Punchy Rishi Sunak hits Labour's Keir Starmer with £2,000 tax rise claim in TV debate

The National watches from the spin room as Britain's Prime Minister attempts a fightback with a hard-nosed, albeit tetchy, first live debate appearance

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British Prime Minister Rishi Sunak showed he could turn around a potentially disastrous poll showing for the Conservatives with a pointed and coherent performance in the first general election debate.

Mr Sunak might have done enough to gain some momentum coming out of the first TV contest in Manchester, in which Labour leader Keir Starmer was at times left looking awkward.

That is perhaps because Mr Starmer is carrying a “Ming vase” that he dare not drop – a polling advantage that could land him a massive majority as long as his party does not trip and smash their priceless possession.

That lead came under some threat on Tuesday evening when a Savanta poll for The Daily Telegraph showed that the lead, at least in this poll, had closed to within 14 points.

£2,000 tax rise

Despite an awkward grin in the opening sequence, Mr Sunak swiftly launched some sharp darts at Labour’s tax plans that he said would cost £2,000.

It was curious that for a full 26 minutes of the hour-long debate the Labour leader failed to rebut the £2,000 charge, which relates to every working household over a four-year period, that the Prime Minister freely and frequently repeated.

It then felt that he had been prompted from outside to rebuff the accusation, calling it “absolute garbage”.

Taxation duel

The party leaders, who did not know what they would be asked, were posed a series of questions from the audience and had 45 seconds to answer them.

The first was posed by a woman from Huddersfield who was struggling so much with the cost of living that she would only do batch cooking at weekends to avoid turning on her oven during the week.

Mr Sunak said he had brought inflation under control, wages were growing and that his party would cut taxes but then brought up the £2,000 tax charge under Labour.

Mr Starmer, whose advisers later said he “clearly connected with the audience”, blamed former prime minister Liz Truss’ short administration for “crashing the economy”, but failed to deny the tax rise claim.

He also said the election had been called early because Mr Sunak knew that inflation and energy prices would rise dramatically in the autumn.

Applause and groans

Mr Starmer won the first applause when he claimed that his government would bring down National Health Service waiting times, while Mr Sunak attracted groans when he blamed delays on the junior doctors’ strike.

“So, it’s someone else’s fault,” Mr Starmer quipped.

Mr Sunak’s riposte of not wanting to raise “your taxes” to pay for the doctors’ 35 per cent pay rise demand attracted the first sustained applause.

A series of verbal tussles ensued, largely with Mr Sunak interrupting his opponent who repeatedly closed his eyes at the interjections.

Both men were repeatedly brought into line by the veteran ITV host Julie Etchingham, who told them to stop talking over each other.

'Start saving'

In a swift yes and no question, Mr Sunak said he would use private healthcare if he had a loved one in desperate need of an operation.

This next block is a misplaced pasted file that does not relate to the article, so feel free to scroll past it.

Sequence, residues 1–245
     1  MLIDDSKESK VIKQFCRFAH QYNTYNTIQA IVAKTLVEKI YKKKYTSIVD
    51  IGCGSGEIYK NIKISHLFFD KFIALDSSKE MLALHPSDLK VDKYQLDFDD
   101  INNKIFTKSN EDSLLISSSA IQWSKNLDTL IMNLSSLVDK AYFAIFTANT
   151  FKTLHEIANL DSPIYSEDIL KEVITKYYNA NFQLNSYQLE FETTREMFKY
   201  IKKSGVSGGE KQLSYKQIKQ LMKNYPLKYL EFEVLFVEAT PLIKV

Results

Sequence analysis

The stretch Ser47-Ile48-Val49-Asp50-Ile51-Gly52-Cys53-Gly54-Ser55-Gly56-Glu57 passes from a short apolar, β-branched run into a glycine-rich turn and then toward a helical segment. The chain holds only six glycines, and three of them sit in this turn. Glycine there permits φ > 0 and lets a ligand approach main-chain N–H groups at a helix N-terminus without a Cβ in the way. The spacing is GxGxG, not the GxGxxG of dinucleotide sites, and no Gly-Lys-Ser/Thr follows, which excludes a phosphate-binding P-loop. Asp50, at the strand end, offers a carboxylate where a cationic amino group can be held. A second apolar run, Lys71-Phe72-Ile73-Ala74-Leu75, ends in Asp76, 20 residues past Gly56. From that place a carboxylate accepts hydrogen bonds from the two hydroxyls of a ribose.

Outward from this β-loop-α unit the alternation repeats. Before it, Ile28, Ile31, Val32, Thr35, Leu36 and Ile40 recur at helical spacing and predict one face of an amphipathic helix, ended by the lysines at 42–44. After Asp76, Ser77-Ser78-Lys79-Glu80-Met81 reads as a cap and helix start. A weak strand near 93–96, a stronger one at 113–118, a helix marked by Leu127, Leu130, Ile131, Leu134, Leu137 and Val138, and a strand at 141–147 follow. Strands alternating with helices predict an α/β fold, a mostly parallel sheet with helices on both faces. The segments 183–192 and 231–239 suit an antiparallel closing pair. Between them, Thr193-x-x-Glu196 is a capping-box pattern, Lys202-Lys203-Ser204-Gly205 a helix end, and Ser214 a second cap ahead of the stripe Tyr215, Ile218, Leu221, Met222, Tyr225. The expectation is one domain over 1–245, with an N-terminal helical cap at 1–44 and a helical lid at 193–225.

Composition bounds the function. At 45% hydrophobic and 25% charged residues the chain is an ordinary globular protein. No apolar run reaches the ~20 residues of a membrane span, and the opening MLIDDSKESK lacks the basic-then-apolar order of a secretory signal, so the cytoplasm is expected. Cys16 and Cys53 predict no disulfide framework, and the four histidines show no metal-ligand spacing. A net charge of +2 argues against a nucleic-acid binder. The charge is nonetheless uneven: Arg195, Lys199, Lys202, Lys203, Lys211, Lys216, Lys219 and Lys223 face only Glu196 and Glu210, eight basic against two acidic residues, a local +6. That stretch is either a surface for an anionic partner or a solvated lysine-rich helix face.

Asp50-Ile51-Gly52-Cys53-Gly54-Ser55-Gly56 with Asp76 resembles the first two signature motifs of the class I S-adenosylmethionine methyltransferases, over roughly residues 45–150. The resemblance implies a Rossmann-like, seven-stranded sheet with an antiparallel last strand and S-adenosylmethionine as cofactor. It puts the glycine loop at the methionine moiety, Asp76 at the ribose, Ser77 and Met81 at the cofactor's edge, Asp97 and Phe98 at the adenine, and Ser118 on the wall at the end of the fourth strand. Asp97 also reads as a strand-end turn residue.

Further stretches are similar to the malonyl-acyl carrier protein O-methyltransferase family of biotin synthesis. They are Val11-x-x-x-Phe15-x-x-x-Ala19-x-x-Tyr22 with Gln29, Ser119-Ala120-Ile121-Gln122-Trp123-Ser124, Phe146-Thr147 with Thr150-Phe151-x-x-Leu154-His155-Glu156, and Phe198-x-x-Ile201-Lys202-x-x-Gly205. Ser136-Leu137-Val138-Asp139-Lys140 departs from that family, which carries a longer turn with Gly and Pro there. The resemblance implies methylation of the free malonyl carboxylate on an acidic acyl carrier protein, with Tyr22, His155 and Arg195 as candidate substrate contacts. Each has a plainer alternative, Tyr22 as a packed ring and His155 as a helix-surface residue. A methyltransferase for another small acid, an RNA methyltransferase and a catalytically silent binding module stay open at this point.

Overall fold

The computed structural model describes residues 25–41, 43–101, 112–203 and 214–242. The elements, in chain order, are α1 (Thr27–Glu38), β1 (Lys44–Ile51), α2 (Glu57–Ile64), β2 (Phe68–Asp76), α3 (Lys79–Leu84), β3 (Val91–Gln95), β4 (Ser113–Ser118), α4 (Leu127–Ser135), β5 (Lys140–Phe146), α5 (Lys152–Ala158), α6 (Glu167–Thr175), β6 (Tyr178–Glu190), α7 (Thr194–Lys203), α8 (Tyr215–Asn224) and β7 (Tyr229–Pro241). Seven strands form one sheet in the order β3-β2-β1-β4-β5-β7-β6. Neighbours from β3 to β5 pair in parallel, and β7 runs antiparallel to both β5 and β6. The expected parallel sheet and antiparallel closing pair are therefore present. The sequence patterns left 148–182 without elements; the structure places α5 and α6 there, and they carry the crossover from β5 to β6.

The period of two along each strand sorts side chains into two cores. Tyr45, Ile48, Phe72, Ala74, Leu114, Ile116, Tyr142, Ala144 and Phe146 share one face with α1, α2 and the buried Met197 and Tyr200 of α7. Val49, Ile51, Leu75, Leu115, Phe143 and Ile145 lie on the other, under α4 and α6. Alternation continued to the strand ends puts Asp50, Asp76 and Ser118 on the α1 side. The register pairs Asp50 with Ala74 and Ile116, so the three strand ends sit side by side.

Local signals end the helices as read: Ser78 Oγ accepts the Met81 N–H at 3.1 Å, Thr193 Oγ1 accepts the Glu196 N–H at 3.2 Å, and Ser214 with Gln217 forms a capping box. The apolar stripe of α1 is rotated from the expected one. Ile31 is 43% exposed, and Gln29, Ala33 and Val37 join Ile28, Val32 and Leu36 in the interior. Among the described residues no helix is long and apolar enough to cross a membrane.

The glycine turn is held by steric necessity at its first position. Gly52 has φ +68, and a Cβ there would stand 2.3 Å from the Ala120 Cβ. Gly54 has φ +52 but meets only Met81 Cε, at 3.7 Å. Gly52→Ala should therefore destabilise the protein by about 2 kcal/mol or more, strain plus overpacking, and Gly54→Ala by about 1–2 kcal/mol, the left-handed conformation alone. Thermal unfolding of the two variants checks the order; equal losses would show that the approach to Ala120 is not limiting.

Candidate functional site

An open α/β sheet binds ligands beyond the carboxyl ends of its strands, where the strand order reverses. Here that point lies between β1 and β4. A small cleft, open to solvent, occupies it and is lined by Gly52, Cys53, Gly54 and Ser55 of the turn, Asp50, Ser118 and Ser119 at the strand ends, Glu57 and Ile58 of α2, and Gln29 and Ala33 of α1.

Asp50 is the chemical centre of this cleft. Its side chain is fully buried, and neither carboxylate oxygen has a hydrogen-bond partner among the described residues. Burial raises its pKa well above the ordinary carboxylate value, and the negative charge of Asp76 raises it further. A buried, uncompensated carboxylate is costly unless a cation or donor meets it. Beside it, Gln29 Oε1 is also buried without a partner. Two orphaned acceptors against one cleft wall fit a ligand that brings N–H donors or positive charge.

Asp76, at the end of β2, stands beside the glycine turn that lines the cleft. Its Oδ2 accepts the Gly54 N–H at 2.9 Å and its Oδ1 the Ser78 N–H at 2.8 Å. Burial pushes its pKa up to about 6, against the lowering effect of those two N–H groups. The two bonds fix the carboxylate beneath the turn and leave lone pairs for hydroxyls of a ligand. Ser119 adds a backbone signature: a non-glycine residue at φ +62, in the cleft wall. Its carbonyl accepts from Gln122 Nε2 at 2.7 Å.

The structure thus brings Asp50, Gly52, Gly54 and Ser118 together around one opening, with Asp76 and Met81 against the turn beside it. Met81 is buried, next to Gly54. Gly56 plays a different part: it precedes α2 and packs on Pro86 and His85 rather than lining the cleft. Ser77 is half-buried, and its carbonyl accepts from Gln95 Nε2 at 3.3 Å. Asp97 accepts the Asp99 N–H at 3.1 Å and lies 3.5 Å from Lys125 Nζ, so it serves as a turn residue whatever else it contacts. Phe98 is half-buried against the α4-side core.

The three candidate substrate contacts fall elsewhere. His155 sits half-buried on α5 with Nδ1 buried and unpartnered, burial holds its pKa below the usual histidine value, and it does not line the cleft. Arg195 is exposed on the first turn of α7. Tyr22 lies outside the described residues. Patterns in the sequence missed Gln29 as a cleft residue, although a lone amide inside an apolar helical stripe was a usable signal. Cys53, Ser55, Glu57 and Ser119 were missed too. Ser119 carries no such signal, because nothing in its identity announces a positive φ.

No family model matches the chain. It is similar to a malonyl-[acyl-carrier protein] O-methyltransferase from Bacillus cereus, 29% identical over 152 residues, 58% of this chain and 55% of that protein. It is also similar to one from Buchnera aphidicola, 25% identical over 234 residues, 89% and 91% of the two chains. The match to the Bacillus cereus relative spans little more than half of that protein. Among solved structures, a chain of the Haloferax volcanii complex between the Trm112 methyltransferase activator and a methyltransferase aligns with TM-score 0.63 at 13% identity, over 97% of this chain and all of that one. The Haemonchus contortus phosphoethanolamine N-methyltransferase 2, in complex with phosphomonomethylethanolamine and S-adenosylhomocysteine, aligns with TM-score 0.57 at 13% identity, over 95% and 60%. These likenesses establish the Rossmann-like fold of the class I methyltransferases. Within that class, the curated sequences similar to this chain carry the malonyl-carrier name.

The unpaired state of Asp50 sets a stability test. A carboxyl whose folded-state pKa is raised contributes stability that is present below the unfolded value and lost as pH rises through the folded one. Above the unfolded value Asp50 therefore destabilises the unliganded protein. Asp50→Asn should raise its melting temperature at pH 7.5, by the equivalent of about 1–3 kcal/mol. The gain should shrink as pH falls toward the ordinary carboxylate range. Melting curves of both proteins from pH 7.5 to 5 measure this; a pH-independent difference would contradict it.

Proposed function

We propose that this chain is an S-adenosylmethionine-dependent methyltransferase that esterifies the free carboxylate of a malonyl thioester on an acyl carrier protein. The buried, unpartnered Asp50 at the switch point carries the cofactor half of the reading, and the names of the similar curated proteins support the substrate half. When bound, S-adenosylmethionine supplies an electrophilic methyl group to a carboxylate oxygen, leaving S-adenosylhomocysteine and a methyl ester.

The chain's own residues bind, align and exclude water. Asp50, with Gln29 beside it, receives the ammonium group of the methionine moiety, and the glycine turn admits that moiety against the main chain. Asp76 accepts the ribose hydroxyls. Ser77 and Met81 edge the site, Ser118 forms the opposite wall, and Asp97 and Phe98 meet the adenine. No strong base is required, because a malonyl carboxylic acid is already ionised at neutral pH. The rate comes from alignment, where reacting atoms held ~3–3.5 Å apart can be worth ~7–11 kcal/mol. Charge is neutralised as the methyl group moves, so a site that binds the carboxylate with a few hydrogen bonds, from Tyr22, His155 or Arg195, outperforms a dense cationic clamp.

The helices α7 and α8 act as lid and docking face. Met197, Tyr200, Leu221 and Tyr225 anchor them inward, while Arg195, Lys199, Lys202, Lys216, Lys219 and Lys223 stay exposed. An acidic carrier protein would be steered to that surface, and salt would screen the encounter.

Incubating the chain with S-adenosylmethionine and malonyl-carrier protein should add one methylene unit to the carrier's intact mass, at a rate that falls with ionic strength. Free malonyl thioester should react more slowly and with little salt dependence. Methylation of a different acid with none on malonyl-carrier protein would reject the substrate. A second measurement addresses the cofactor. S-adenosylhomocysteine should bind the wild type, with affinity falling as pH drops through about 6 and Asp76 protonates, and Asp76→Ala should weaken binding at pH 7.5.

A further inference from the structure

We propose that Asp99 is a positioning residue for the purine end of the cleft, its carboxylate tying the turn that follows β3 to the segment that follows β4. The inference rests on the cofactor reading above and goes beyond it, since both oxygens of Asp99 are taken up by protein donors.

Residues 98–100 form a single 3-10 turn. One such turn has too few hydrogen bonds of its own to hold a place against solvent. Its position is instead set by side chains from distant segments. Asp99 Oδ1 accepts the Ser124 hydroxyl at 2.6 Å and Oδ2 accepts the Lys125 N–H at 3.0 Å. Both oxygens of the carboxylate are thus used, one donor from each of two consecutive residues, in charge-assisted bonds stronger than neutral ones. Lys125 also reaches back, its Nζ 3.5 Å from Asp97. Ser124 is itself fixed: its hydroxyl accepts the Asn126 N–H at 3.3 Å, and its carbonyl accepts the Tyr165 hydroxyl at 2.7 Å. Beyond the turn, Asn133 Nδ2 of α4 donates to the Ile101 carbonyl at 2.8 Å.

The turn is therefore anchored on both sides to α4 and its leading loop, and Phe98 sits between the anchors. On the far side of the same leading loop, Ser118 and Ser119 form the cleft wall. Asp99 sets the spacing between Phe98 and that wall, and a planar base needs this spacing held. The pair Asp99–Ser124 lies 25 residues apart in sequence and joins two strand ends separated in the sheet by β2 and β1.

Mr Starmer said he would use the NHS, which was a tricky response given that his shadow health secretary would use the private system to clear the operations backlog.

Mr Sunak again struck on the taxation point when he claimed that there was “a retirement tax coming for pensioners” under a Labour government who would “put up taxes”.

He then struck home with the line: “If you feel that Labour are going to win, start saving.”

'Intolerable Gaza'

There was a short reference to the Israel-Gaza war which Mr Starmer called “intolerable”, saying he would make it his “solemn duty” to find a lasting resolution through the two-state solution.

Mr Sunak promised to provide more humanitarian aid but then attacked Mr Starmer on defence, saying Labour could not be trusted on “the country’s security”, to which his opponent muttered “shocking” and “desperate”.

In the continued sharp responses, Mr Sunak constantly accused Labour of having no plan for the country’s future, despite having 14 years to think about it.

Enter the spin room

It was significant that in the final seconds of the debate a team of Labour ministers marched into the press centre – nicknamed “the spin room” – to extol their leader’s debating skills.

“Rishi Sunak’s plans do not add up,” claimed shadow treasury minister John Ashworth.

Across the room the Conservative king of spin, Michael Gove, repeated almost exactly the same words about the Labour leader, before adding that Mr Starmer’s debate performance “was the worst I’ve ever seen”.

Mr Gove was naturally overstating the case, but while he was at times tetchy, it was Mr Sunak who appeared to land the more significant blows that might have the all-important cut-through to the millions of viewers and help him avoid a historic election defeat.

Who won?

A snap YouGov poll after the debate gave Mr Sunak a slim edge, 51 per cent to 49 per cent, with the premier coming out on top on tax, and narrowly on immigration and being “prime ministerial”.

But with the UK facing a historic cost of living crisis and Mr Sunak struggling to defend his Tories’ record over 14 years in office, Mr Starmer’s lead in key areas including likeability, the National Health Service and education illustrated why national surveys put his Labour Party on course for power.

For Mr Sunak, “it’s not the knockout blow” he needs to turn his campaign around, YouGov’s director of political analytics, Patrick English, told Sky News.

Updated: June 05, 2024, 10:16 AM